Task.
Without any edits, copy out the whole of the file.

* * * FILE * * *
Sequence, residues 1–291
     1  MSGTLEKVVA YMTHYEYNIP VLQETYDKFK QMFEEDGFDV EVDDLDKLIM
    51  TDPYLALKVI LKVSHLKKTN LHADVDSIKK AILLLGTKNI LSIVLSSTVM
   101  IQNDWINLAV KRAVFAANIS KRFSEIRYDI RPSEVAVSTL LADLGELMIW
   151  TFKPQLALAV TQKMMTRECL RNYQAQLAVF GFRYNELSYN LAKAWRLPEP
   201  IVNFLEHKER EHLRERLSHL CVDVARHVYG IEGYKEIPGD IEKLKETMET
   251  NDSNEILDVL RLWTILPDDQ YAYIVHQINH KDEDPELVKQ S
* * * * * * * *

Sequence, residues 1–291
     1  MSGTLEKVVA YMTHYEYNIP VLQETYDKFK QMFEEDGFDV EVDDLDKLIM
    51  TDPYLALKVI LKVSHLKKTN LHADVDSIKK AILLLGTKNI LSIVLSSTVM
   101  IQNDWINLAV KRAVFAANIS KRFSEIRYDI RPSEVAVSTL LADLGELMIW
   151  TFKPQLALAV TQKMMTRECL RNYQAQLAVF GFRYNELSYN LAKAWRLPEP
   201  IVNFLEHKER EHLRERLSHL CVDVARHVYG IEGYKEIPGD IEKLKETMET
   251  NDSNEILDVL RLWTILPDDQ YAYIVHQINH KDEDPELVKQ S